Have you ever received a postcard from someone? Tell us who it was from
and where that person was traveling.
Share with the children a set of sample postcards from various places near and
far. Discuss the places pictured on the postcards and share any messages that
may be on the backs.
Assign children to small groups. Provide each group a postcard from a faraway
place, depicting a geographic region much different from their own. Help the
children to identify that place and locate it on the classroom map. Ask each
group to compare the location of their postcard to that of their home community
(near, far, north, south, etc.). Ask each group to:
1. Describe their postcard. Is it a dry desert with cacti and sandy soil? Is it a
beach with palm trees and white-capped waves? Is it a tall mountain covered
with snow and pine trees?
2. Design and create a postcard that shows the community they live in. Ask
them to include characteristics or landmarks of the community that have
been discussed in previous lessons.
3. Write or dictate to you a message to be sent to the faraway place on the first
postcard that describes some of the differences between their community and
Ask each group to ―pair share‖ their postcards and messages with another
group. Display the postcards on a wall or bulletin board. Include the set of
faraway postcards in the class Discovery Center for closer examination by all the
Kidd, R. (1997). Almost Famous Daisy! London: Frances Lincoln.
set of postcards depicting faraway places (beach, desert, mountains, etc.).
Some of these postcards should have messages written on the back.
one sheet of poster board for each small group
crayons and markers for drawing
writing paper for drafting a postcard message
1. Were the children able to brainstorm familiar landmarks of the local
2. Did the children compare elements of the faraway postcard and the local
3. Were the children able to discuss and compare the relative location of their
faraway postcard on the classroom map?
Grade 2 Lesson Plan
Developed by Jill Englebright Fox, Ph.D.
The students will write stories, letters, and simple explanations.
— Generate ideas before writing.
— Organize writing to include a beginning, middle, and end.
— Revise writing for clarity.
— Use available technology.
The students will edit final copies for grammar, capitalization, punctuation,
— Use declarative, interrogative, and exclamatory sentences.
— Capitalize all proper nouns and words at the beginning of sentences.
— Use correct spelling for frequently used words.
Through participation in this lesson the students will:
Use the writing process to develop a fictional story.
Use periods, question marks, and exclamation points appropriately at the end
of sentences in the story.
Identify the beginning, middle, and endings of their stories.
Show the children the book The Incredible Painting of Felix Clousseau . Tell them
that today we will be reading a book about an unusual artist whose work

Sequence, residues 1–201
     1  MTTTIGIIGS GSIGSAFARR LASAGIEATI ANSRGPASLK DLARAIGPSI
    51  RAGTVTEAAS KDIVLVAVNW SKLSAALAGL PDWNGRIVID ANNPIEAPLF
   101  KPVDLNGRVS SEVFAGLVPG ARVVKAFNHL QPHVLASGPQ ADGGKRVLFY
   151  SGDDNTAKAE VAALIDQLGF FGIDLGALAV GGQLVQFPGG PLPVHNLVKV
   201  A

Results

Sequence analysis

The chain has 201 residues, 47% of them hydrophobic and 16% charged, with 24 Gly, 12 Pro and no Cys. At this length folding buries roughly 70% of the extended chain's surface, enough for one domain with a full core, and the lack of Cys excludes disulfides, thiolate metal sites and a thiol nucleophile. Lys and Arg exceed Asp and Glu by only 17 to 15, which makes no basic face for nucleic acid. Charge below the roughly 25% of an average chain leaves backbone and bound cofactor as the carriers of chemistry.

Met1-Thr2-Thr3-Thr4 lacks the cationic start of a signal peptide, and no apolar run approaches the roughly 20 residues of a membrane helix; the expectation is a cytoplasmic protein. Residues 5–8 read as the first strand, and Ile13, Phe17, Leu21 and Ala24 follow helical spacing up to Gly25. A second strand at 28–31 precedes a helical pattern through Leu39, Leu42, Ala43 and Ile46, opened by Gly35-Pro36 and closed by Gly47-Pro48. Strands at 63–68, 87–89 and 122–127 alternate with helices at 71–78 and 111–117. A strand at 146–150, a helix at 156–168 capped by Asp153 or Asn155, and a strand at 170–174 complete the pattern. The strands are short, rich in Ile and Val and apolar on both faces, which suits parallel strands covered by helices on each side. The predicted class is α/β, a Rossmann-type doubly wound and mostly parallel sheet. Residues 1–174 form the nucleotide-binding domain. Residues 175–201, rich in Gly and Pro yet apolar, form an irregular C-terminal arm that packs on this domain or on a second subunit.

generated a lot of excitement. Provide a focus for listening by telling the children
that at the end of the story you will ask them to identify the changes that
occurred in your reading voice whenever something exciting occurred.
Read the book, making sure to reflect excitement in your voice at the
appropriate times. After reading, go back to the focus for listening and discuss
the following questions:
What were some of the most exciting incidents in the book?
How did my reading voice change during those times?
What symbol would we look for at the end of a sentence to tell us that
something exciting is happening?
Ask one of the children to draw this symbol on the board. Tell the children that it
is called an exclamation point and that we use it to show excitement in
exclamatory sentences. Ask the children to brainstorm examples of
Ask the children to name other symbols we could use at the end of a sentence.
Have children draw those symbols one at a time on the board, provide the
names (question mark, period) and the types of sentences in which they are
used (interrogative, imperative). Brainstorm examples of each.
Tell the children that today we will be using all three of those symbols in our
writing. Assign the children to small groups of three or four. Give each group a
masterpiece reproduction. Ask the children to work together to tell an oral story
of what could happen if that painting came alive in the same way as the artwork
of Felix Clousseau. As the small groups begin to generate their story lines,
provide them with an organizational sheet that will help them to organize the
beginning, middle, and end of their story in writing. Encourage children to use
imperative, exclamatory, and interrogative sentences and the appropriate ending
symbols in their writing. Provide appropriate assistance with editing and spelling,
but encourage the children to edit their own work. Ask children to produce the
final copies of their stories on the computer using available word-processing
Organizing Your Story
Beginning: What is the setting? Did you describe the main characters?
What early action will take place?